Canada's Amaya Gaming Set To Seal Their PokerStars Deal

The biggest online poker operation in the world, PokerStars, has finally reached an agreement with Amaya Gaming of Canada to buy them out.

A $4.9 billion dollar handshake appears to have finally been agreed with publicly traded Amaya, a gaming equipment supplier from Canada. Funds and credit facilities of $2.9 billion are being provided by Barclays and the Deutch Bank, along with over $675 million in securities and preferred shares being secured by GSO Capital Partners the credit division of Blackstone.

The PokerStars sale has taken the business world by storm. Full of intrigue and controversy, it deserves a chapter all of its own, when it comes to headline stealing in high stake gaming industry deals. You wouldn't consider on the surface that Amaya would be a high stake player since they are not a large high profile publicly traded company, however friends in high places can do wonders when it comes down to signing and sealing such an agreement and getting it over the line.

PokerStars emergence into the world of online poker was all about timing and being in the right place at the right time. Isai Scheinberg who had worked as a computer programmer for IBM developed his PYR software in Toronto right at the advent of the explosion of online poker on the internet and with the help of his son Mark, PokerStars was born.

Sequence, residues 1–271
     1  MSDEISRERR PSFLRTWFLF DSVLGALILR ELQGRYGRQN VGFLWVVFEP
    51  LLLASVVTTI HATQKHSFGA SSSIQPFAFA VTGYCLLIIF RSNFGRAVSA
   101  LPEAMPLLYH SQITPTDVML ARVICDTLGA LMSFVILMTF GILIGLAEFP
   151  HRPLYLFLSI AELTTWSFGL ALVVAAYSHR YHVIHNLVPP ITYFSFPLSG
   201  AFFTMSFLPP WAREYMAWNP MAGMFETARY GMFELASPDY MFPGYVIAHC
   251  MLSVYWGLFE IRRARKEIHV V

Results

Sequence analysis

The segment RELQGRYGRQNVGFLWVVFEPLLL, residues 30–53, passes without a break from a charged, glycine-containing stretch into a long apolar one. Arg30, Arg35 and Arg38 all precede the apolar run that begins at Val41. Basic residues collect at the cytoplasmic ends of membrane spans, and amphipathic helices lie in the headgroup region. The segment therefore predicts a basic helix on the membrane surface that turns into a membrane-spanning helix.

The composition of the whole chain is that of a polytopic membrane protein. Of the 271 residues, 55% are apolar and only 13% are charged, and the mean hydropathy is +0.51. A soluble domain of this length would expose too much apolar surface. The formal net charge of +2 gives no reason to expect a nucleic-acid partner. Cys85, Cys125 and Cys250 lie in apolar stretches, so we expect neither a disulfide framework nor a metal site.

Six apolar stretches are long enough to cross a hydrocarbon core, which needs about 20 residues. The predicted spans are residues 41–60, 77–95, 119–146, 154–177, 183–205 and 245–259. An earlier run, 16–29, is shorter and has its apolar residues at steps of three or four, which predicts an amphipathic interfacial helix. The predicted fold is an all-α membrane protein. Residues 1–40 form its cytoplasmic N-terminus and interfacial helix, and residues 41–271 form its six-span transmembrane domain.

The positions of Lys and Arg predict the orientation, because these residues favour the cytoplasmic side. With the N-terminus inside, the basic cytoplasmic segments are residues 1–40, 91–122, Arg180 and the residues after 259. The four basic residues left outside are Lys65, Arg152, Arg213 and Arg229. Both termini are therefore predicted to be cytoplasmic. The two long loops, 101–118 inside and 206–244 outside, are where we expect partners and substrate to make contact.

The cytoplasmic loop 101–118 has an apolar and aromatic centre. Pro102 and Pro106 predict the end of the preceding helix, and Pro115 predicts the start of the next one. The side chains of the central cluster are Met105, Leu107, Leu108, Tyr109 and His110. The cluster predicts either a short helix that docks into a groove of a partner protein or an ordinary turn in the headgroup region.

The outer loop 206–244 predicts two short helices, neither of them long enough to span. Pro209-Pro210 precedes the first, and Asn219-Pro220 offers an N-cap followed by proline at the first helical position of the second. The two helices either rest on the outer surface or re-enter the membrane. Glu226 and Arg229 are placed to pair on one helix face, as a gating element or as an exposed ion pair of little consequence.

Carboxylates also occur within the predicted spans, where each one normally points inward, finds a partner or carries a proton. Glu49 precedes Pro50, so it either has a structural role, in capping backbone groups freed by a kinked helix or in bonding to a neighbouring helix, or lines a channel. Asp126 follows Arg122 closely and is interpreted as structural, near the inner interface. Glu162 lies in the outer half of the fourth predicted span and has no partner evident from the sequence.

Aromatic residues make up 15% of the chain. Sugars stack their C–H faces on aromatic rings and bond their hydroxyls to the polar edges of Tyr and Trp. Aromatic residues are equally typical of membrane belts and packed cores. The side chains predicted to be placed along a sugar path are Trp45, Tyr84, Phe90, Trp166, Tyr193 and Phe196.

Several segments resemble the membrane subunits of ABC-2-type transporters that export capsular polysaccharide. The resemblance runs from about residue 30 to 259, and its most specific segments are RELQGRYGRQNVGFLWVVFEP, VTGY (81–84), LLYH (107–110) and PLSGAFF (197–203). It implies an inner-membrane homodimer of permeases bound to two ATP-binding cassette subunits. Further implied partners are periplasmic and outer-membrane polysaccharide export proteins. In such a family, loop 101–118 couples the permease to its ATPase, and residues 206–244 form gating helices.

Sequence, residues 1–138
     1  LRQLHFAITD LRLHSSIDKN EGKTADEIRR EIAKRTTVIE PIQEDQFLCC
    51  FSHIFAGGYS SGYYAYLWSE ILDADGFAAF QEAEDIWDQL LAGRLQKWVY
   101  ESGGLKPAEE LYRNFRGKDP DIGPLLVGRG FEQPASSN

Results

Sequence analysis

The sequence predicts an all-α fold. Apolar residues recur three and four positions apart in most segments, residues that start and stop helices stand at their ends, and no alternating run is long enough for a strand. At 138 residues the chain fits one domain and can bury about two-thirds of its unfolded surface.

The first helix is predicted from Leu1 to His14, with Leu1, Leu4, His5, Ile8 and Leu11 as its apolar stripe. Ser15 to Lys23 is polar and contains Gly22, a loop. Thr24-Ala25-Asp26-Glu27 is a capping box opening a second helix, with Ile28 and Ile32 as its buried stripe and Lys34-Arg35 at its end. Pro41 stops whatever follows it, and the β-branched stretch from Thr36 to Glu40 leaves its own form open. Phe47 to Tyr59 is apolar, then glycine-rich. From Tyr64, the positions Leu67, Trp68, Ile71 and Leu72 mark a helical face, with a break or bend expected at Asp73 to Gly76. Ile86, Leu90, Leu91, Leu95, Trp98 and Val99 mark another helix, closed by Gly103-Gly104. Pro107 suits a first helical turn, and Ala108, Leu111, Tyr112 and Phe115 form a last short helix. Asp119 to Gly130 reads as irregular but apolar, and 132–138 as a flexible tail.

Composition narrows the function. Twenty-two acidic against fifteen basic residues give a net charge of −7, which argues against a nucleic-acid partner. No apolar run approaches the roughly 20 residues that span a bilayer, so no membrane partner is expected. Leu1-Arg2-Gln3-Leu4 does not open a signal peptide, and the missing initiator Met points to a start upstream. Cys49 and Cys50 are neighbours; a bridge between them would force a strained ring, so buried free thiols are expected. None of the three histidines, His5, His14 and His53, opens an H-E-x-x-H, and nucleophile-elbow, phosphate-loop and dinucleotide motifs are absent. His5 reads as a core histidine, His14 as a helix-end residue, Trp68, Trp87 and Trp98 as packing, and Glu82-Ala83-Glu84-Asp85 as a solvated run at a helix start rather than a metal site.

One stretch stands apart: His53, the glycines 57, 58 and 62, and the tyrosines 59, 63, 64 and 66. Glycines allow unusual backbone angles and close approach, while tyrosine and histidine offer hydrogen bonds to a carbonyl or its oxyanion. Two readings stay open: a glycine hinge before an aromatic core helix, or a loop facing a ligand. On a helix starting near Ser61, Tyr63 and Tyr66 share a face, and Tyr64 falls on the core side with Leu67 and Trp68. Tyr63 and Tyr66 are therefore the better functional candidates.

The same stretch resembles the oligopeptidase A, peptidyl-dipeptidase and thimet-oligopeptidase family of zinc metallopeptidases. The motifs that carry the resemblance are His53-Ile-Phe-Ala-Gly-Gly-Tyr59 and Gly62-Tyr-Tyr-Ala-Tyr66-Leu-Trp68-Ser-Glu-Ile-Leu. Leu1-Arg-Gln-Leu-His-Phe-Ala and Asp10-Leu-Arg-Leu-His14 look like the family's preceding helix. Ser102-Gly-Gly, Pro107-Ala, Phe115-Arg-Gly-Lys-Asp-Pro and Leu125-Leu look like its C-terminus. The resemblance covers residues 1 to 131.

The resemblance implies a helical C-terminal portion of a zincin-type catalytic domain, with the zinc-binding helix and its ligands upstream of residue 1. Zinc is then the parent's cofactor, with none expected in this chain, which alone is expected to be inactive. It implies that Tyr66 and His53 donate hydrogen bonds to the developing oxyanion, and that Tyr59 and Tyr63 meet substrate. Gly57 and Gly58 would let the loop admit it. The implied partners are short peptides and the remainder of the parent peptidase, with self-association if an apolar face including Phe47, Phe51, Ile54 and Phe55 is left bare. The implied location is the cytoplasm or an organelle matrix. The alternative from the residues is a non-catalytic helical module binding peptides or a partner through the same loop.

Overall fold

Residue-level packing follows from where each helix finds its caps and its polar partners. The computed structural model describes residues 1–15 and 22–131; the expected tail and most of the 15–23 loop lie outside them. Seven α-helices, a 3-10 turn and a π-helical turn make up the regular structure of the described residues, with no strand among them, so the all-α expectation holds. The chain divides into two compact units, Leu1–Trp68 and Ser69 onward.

At the time there were few competitors in the field and so Isai and Mark Scheinberg along with their new baby would ride the new online Poker wave with other major players Full Tilt Poker and Party Gaming. Business grew rapidly, then in 2003 they hit new dizzy heights with the milestone event of an online tournament and Tennessee accountant aptly called Chris Moneymaker winning their PokerStars main World Series Event becoming their first million dollar winner. The publicity would come with a price, especially since online Poker contravened the U.S. Wire Act.

It was decided to move the company's headquarters outside of the USA to the Isle Of Man whilst still servicing it's US based players, stating that their legal team was of the opinion that no laws had been breached.

However, hot on the heels of the Wire Act a new law would be slotted in to place under the name of the Unlawful Internet Gambling Enforcement Act, there would be no crossing of wires on this one. This resulted in their big rival Party Gaming shutting their doors, followed by Full Tilt also going full tilt.

Now it's time now for a graceful exit. The new Canadian operation is already compliant to yet new U.S. governance. This will ensure PokerStars will continue to thrive. Sometimes where there's a will there's a way. Looks like they found one.